Now coms forward on or in front of the sit bones. Feel your tail swing back. Can you touch and feel, imagine or actually experience the widening in your pelvic floor.
Gently move back and forth. Now sit quietly. do you feel a difference in the “tone” of your pelvic floor? That means if it felt droopy does it feel firmer? If it felt tight, does it feel relaxed? has your posture changed?
Note: Feeling changes can be subtle or quite loud. It is always helpful to notice how you feel before and after. It is subjective audit can take time to trust your own internal evaluations.
3. Bending forward and back using the pelvic floor muscles
Again, sit on a firm chair on your sit bones.
Find your groin or “hip crease”. We will be bending from here. This is also sometimes called a hip hinge.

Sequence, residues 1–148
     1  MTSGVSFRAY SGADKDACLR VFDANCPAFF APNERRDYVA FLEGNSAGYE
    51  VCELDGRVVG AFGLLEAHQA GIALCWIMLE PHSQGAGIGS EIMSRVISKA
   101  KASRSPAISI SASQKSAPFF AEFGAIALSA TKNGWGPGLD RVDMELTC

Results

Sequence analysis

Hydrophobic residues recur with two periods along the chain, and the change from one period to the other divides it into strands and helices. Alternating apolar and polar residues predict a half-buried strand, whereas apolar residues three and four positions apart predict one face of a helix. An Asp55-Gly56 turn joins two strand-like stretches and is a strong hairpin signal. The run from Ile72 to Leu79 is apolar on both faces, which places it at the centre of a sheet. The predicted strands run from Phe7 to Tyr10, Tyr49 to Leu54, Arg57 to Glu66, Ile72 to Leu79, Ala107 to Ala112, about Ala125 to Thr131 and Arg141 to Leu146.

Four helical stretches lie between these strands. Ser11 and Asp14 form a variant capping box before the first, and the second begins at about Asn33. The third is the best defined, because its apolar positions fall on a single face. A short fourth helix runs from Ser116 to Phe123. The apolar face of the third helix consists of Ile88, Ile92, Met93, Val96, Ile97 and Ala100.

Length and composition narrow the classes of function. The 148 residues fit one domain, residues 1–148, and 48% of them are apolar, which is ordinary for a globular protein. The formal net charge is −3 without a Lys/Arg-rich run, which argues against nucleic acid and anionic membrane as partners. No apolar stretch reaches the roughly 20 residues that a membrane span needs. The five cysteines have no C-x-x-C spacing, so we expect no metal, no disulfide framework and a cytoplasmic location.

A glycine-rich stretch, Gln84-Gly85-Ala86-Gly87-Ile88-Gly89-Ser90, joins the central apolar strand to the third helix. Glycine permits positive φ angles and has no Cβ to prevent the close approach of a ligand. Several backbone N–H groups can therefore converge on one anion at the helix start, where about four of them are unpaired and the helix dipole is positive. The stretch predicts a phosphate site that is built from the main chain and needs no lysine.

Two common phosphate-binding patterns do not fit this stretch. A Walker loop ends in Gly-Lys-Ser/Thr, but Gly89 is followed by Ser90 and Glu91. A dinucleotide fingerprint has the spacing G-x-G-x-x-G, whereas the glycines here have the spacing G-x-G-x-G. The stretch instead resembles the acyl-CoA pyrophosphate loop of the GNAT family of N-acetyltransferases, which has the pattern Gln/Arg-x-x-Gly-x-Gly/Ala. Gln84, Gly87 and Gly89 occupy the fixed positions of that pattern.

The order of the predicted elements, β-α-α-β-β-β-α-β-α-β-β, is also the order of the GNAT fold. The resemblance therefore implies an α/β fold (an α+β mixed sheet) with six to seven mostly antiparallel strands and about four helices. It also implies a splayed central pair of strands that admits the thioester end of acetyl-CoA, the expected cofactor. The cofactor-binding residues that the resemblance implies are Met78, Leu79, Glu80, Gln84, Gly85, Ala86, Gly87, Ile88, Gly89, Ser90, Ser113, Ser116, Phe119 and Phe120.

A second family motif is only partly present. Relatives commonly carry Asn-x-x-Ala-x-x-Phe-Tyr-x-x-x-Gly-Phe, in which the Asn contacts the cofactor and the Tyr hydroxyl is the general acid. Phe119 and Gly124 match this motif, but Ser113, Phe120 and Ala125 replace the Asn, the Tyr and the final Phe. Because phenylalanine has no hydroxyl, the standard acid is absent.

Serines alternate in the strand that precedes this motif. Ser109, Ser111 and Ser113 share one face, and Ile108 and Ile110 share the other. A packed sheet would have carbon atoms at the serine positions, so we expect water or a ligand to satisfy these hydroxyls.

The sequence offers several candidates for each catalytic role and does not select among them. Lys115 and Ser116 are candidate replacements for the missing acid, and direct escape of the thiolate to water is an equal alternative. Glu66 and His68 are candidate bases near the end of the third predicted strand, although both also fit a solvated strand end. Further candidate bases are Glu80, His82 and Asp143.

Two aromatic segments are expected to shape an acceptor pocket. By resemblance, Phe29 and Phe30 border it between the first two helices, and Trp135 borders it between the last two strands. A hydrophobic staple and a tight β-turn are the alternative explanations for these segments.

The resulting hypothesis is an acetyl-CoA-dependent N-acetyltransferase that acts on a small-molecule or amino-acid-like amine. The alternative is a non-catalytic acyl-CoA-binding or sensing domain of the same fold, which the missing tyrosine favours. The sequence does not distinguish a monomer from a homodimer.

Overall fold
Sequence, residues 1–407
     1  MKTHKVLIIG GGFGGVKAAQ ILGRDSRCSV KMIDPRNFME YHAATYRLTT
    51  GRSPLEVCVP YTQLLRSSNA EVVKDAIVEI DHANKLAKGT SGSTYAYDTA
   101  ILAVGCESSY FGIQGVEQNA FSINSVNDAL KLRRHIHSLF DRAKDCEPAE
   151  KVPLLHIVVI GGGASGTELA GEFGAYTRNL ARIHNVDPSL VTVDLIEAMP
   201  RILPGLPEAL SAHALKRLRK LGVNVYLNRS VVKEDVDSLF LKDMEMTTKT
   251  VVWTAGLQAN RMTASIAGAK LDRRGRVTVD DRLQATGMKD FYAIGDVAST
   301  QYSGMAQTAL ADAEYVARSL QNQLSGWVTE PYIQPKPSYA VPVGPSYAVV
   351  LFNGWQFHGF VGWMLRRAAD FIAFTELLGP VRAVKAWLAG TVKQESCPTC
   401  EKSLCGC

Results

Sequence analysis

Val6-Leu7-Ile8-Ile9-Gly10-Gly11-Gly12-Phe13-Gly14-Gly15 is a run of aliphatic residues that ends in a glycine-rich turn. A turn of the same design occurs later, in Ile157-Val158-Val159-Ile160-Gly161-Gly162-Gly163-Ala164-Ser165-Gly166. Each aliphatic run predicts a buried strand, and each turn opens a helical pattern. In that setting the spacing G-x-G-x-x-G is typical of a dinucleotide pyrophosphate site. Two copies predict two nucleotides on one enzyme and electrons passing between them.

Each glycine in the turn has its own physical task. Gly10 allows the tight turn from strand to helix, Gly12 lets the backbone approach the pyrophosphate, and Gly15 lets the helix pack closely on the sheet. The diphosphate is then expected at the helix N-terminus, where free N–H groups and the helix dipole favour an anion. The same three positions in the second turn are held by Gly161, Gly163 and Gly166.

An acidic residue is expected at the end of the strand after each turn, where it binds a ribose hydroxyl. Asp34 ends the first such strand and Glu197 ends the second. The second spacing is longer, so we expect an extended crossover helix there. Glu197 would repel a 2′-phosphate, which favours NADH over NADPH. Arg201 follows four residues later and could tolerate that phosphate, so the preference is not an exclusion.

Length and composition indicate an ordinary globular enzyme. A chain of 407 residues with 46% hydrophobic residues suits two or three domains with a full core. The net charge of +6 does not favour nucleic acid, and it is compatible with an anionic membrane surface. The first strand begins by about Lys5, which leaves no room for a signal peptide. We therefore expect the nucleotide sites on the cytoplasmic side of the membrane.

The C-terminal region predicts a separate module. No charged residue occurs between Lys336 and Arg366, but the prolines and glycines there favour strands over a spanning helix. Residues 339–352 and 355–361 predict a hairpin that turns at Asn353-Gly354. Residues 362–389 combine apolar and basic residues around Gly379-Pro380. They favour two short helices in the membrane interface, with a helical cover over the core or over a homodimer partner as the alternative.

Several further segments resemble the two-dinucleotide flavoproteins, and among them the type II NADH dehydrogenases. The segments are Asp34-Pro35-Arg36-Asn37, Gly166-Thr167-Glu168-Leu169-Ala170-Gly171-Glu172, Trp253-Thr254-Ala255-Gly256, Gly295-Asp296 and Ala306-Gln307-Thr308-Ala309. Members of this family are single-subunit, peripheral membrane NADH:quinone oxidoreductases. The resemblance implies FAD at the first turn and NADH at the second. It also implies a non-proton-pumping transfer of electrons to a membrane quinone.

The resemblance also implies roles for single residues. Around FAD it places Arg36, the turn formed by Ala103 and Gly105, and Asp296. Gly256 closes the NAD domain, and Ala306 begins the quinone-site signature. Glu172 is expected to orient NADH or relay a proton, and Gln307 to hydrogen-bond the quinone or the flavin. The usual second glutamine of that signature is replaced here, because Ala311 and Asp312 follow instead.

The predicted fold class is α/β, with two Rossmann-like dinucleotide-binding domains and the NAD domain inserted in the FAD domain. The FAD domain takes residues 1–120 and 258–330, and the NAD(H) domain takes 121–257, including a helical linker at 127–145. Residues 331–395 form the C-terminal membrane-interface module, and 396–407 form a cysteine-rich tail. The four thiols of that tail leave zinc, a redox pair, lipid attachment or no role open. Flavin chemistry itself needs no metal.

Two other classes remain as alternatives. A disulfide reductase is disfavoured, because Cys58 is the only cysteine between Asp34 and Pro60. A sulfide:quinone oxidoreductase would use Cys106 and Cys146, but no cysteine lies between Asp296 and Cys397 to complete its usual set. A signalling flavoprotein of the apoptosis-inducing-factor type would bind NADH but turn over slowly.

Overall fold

Notice again the distance between your sit bones and tail. Feel it with your hands if you need to.
Imagine your sit bones spreading away from one another as you hinge forward on your hips. Feel your tail move backwards. can you imagine the area int eh back of your pelvic floor lengthening or expanding?
Imagine the sit bones drawing back towards each other like magnets to bring you back to sitting. Feel your tail swing in. Maybe it’s even a long tail!
Do this several times and rest. Notice what feels different.
Notes. You can coordinate your breathing with this so you inhale as you bend and exhale as you straighten. This way the breathing movements of the pelvic floor work with your bending.
4. Muscle expanding and condensing to improve pelvic floor squats.